May 7, 2006
To use the phrase of the great JK Galbraith ï¿½ who passed away this week – the two-handed economist is now ï¿½conventional wisdomï¿½. Much has been made, particularly by JFK, about how hard it is to get a straight answer from an economist. It is alleged that we are constantly referring to ï¿½the one hand and the other handï¿½ rather than getting to the point without prevarication. This might be a bit harsh but it is now ï¿½conventional wisdomï¿½.
Whatever about the two handed economist, there is such a thing as the two handed economy. Indeed the two handed economy is the place where we all live and work. All economies have two hands: the domestic hand and the foreign hand. In fact, most major economic tools have been created to assess the balance between both. Concepts such as at the current account, the exchange rate, the rate of interest, inflation and competitiveness are nothing more than benchmarking tools to assess which is more robust – the domestic side or the foreign side.
In Ireland, despite being a small open economy which depends on trade for our prosperity, we have joined a monetary union which obscures ï¿½ but does not make irrelevant – all these economic measurements. This is part of the problem with EMU – it disguises the real state of affairs. In the past, when we had our own currency, economic signals flashed to tell us that either the domestic side was growing too fast or vice versa. So take as an example a situation where we are living above our means and are importing more than we export. In this case, our balance of payments would go into deficit. This would immediately trigger a chain of events which would rebalance the economy. First, our exchange rate would fall, making imports more expensive and second, our interest rates would rise, making borrowing – to spend on imports – more expensive. Both of these would serve to rein in spending and the balance between the domestic and foreign side of the economy would be restored. This is the way many small ï¿½tigerï¿½ economies work such as Singapore, Malaysia, Norway or Israel.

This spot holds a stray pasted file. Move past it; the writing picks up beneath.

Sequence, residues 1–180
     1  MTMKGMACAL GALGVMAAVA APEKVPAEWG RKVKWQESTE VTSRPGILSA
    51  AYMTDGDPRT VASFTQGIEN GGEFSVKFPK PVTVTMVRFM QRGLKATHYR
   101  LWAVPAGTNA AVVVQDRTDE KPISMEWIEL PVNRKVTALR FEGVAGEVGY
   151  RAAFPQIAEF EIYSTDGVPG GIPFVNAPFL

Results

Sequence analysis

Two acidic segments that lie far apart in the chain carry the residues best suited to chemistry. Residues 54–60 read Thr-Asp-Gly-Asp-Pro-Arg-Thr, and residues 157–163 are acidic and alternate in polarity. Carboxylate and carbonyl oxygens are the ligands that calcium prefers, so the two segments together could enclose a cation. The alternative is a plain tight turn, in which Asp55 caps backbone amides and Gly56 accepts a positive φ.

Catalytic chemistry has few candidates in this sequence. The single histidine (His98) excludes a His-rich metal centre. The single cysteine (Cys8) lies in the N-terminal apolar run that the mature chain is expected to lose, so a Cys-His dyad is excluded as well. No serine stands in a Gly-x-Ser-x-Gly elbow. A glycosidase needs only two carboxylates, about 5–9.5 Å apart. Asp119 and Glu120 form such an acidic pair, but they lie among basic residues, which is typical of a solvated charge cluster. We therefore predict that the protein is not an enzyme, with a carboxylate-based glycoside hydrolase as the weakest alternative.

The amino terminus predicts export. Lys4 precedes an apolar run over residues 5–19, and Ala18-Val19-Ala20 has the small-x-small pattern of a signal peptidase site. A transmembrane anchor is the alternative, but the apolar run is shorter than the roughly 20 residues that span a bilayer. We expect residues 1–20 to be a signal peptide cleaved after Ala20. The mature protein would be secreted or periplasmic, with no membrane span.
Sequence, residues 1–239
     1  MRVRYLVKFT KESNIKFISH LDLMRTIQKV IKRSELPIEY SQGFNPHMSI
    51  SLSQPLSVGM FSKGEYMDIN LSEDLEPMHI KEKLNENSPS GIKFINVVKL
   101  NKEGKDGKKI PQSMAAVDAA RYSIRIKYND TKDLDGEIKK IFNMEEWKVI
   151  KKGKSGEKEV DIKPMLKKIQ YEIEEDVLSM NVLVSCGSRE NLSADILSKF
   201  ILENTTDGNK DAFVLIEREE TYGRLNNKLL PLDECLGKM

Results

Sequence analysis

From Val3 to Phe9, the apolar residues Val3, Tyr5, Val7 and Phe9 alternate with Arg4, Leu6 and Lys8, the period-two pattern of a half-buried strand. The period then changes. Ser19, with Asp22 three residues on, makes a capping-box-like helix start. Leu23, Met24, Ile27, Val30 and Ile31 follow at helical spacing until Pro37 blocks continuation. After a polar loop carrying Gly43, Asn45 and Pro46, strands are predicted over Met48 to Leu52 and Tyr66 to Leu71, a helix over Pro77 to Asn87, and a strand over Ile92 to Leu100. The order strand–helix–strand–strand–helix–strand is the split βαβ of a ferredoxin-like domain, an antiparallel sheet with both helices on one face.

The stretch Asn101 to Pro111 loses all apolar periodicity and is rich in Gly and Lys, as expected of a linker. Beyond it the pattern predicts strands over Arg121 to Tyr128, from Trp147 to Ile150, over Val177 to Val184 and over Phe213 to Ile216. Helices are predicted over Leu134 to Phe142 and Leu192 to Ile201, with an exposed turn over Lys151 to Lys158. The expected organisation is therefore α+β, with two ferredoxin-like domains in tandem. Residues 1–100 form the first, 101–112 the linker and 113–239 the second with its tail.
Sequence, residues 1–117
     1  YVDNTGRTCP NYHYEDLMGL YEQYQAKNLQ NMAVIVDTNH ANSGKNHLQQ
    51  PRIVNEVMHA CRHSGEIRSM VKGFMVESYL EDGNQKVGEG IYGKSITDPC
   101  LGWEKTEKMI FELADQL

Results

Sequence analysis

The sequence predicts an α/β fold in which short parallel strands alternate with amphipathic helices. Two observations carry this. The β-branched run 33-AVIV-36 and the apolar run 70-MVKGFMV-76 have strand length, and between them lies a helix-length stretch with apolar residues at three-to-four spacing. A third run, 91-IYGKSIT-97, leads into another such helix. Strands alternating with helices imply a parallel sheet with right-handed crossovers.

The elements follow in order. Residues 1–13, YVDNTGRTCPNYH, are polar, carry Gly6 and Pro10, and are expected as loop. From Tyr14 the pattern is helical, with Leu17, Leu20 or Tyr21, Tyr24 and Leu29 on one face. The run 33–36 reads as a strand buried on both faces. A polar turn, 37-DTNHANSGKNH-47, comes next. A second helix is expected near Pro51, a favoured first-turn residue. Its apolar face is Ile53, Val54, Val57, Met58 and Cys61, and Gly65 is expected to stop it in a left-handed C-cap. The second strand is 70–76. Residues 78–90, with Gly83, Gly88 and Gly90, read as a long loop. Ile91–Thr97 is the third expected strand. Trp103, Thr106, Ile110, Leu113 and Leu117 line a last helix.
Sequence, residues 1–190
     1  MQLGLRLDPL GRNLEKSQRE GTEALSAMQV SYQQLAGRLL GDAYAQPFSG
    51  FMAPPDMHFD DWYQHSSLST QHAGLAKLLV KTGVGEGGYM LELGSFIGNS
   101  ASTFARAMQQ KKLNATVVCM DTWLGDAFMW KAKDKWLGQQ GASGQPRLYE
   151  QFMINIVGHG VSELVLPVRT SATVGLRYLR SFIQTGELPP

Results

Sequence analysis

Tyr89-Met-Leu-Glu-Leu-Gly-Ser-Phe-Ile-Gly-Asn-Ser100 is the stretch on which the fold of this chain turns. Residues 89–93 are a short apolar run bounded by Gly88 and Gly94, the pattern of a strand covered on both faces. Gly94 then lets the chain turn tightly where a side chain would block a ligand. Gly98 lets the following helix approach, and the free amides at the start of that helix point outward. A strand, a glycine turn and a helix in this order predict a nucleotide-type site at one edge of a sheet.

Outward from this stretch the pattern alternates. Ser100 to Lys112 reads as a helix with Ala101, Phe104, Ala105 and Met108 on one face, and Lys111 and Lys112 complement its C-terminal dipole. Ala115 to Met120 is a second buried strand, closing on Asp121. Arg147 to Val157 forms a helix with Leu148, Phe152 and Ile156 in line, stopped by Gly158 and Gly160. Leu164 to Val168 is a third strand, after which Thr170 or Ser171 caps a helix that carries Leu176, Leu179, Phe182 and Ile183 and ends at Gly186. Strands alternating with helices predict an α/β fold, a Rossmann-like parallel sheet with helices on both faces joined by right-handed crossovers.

It is important not just that imports are reined in, such moves in exchange and interest rates also allow the export sector to thrive. There is an inbuilt discipline in the system. This discipline is crucial because the reason our exports might rise to, letï¿½s say, France is that we are more efficient at producing stuff here. Efficiency, we hear a lot about it these days, but what exactly does it mean?
It means that we are more productive and it takes less men and machines to make something here than it does over there. In short, there is more inspiration than perspiration. So if we can make more of the stuff cheaper or we can make better quality stuff, there is bound to be a surplus at the end of the deal. This surplus is the price difference between what we could afford to make the stuff and the price they were prepared to pay for it.